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Ready for takeoff?

A new pathway promises expedited approvals for innovative medicines
Ready for takeoff?

A new expedited approval pathway in Europe expects to allow innovative medicines to reach the market at a pace on par with US accelerated assessment pathways.

 Priority Medicines, or PRIME, was launched by the European Medicines Agency (EMA) earlier this year in an effort to accelerate the medicine approval process in the European Union. It focuses on priority medicines, which are those that may be significantly better than existing treatments or treat diseases where no options currently exist. EU regulators modelled PRIME on the FDA's Breakthrough Therapy programme in the US.

 Early data is a key requirement for gaining PRIME eligibility. Based on early clinical data, PRIME applicants must demonstrate how their medicine will improve a patient's quality of life. Once selected, PRIME applicants will receive support from the EMA earlier in development with the goal of improving clinical trial design for marketing authorisation application (MAA), evaluation and long-term commercial prospects of PRIME medicines.

EU accelerated pathways before PRIME
To understand how PRIME came into existence, it's helpful to know about PRIME's predecessors and their limitations. These regulatory pathways include Accelerated Assessment, Conditional and Exceptional Marketing Authorisation, Compassionate Use Programmes and the Adaptive Pathway.

Accelerated Assessment created an accelerated approval process of medicines that were of major public interest or therapeutically innovative. Eligible companies submit an Accelerated Assessment application two to three months prior to submitting an MAA, and it is highly recommended that they request a pre-submission meeting at least six months before the MAA submission. Although the Accelerated Assessment pathway reduces the marketing authorisation evaluation process, the complexity of the approval process has limited the number of accepted medications to date.

Conditional and Exceptional Marketing Authorisation is available for expedited review of products that prevent, diagnose or treat seriously debilitating or life-threatening diseases, as well as those that treat orphan diseases or are used to provide emergency care. To qualify, applicants must demonstrate a favourable benefit-risk ratio. Under the Exceptional Marketing Authorisation route, data is reviewed annually and a full dossier of data is not required. For a Conditional Marketing Authorisation, scientific advice or protocol assistance is available early in a product's development. Unlike an Exceptional Circumstances MAA, Conditional Marketing Authorisations are expected to eventually provide a full dossier of data post approval. Although Conditional Marketing Authorisation may benefit public health, few companies have chosen this approach.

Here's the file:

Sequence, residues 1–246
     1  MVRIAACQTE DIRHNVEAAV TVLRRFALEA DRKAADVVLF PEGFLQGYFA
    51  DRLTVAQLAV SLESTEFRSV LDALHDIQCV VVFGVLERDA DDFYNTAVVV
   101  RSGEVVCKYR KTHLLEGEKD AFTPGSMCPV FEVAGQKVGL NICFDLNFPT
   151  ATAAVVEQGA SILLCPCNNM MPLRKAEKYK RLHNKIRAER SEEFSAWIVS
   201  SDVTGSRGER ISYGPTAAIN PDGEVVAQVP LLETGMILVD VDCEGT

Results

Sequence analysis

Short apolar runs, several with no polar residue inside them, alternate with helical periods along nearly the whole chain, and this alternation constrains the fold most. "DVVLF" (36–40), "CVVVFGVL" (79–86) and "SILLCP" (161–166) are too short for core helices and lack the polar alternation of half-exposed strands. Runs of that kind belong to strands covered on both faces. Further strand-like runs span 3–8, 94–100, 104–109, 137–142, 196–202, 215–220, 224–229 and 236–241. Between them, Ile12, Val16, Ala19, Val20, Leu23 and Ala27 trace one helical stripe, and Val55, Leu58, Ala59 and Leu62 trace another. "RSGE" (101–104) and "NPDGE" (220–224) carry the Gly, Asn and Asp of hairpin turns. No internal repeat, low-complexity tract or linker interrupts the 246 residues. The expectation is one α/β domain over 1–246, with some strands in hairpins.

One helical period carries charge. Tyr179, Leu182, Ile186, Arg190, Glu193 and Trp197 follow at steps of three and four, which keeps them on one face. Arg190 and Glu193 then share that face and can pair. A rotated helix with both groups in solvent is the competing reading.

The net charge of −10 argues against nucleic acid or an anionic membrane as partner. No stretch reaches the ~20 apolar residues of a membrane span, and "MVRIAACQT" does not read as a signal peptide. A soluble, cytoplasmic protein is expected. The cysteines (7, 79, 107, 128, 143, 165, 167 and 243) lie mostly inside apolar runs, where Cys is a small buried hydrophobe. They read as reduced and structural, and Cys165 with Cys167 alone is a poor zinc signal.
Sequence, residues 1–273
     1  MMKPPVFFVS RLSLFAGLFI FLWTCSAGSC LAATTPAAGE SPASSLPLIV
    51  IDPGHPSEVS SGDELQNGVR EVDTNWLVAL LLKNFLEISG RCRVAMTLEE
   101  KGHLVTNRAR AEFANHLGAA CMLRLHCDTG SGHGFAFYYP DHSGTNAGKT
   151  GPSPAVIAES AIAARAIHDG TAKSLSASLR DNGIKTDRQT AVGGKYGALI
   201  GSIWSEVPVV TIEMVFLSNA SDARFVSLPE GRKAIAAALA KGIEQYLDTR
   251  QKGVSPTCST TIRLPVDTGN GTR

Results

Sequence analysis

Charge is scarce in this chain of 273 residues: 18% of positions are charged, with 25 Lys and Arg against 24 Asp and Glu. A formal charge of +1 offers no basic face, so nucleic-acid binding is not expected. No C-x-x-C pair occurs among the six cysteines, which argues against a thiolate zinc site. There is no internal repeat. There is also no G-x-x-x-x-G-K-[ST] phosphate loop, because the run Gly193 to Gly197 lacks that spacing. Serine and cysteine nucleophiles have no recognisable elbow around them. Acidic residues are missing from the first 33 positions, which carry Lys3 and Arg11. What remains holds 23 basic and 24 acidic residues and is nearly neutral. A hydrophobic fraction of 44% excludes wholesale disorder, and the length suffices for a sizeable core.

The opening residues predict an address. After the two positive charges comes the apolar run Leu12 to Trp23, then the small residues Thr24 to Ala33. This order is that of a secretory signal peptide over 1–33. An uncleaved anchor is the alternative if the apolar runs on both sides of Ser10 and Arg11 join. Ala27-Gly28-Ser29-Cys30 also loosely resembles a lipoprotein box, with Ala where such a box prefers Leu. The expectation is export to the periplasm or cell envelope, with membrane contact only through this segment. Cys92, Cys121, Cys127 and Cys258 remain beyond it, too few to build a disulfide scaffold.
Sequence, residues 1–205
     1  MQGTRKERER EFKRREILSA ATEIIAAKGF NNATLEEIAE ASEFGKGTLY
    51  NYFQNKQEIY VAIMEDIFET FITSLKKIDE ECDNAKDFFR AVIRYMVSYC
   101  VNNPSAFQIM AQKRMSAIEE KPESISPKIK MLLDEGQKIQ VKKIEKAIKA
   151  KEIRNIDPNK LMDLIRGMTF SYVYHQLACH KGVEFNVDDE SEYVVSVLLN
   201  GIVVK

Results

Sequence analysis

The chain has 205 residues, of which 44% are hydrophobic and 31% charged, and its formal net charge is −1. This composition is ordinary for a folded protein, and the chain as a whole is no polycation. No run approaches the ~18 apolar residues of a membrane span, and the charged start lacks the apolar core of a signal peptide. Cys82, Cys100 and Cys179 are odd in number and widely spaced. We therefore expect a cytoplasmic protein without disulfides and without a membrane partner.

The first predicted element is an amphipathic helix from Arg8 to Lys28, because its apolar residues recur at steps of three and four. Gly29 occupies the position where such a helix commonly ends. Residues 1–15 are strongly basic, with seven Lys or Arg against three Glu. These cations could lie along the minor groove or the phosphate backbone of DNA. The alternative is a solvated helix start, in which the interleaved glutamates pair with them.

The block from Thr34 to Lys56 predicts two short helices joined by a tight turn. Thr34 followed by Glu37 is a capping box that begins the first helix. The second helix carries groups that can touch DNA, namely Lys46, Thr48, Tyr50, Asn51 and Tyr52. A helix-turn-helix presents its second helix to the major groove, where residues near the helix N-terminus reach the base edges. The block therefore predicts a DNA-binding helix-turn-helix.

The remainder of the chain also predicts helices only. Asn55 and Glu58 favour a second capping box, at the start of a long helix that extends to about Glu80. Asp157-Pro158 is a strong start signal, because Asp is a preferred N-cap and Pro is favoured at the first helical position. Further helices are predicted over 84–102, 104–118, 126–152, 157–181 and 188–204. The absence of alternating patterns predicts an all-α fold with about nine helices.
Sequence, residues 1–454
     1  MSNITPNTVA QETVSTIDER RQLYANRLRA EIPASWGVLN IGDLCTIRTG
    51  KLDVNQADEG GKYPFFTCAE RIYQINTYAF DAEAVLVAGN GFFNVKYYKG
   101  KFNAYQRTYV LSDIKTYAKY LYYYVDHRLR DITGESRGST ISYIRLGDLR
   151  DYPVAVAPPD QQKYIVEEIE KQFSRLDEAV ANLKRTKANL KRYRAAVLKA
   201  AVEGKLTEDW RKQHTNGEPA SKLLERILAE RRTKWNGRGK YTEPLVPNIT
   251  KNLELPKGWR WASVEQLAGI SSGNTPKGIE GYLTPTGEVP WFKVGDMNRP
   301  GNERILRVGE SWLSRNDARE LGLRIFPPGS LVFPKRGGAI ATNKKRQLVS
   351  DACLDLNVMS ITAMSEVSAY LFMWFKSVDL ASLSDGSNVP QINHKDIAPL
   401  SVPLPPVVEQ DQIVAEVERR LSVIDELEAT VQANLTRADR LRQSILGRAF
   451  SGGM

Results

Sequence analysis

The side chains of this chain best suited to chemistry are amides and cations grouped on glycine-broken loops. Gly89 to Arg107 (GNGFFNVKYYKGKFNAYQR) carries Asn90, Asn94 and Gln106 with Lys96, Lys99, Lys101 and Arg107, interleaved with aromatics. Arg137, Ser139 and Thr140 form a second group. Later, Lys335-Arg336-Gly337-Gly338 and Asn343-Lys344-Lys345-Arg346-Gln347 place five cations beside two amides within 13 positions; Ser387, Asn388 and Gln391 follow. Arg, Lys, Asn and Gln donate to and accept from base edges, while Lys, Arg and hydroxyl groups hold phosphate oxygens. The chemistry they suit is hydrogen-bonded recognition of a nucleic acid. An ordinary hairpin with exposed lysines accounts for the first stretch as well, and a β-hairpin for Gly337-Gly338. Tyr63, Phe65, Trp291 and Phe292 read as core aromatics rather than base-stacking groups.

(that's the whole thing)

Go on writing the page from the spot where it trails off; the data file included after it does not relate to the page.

A more efficient pathway will allow innovative medicines to reach the market much faster

Compassionate Use Programmes (CUPs) are designed for patients with no satisfactory treatment options or who cannot enter clinical trials. CUPs allow sponsors to make products available without an authorisation. Although the EMA provides suggestions through the Committee for Medicinal Products for Human Use, CUPs are governed by different member states in Europe. Currently, there are five ongoing CUPs throughout Europe that have included the Committee for Medicinal Products for Human Use's recommendations, as well as more nationally. However, many eligible patients are unaware of CUPs due to a lack of publicity.

The most popular of the early access options is the Adaptive Pathway Pilot Programme, a precursor to PRIME. This programme promotes innovation and early access to medicine by allowing companies to gain conditional approval early on in the development process. Data is gathered on a rolling basis, beginning with smaller patient populations and then expanding to more patient groups. Data is gathered from real-life use and added to clinical trial data, which is reviewed by patient groups and Health Technology Assessment bodies. Although only 10 applications have been accepted for the Adaptive Pathway, 34 applications have been received since the programme's inception in 2014.

A new track for innovation
By aiding companies with EMA expertise and knowledge early in the developmental process, the PRIME pathway aims to create an expedited medicine approval process. A more efficient pathway will lower regulatory hurdles and development costs, as well as allow innovative medicines to reach the market much faster. All sectors within the pharmaceutical industry will benefit from greater access to innovative new medicines across the EU.

Article by
Anusha Bala, BSc, LLB

is global head of regulatory affairs at Novella Clinical

10th November 2016

From: Regulatory



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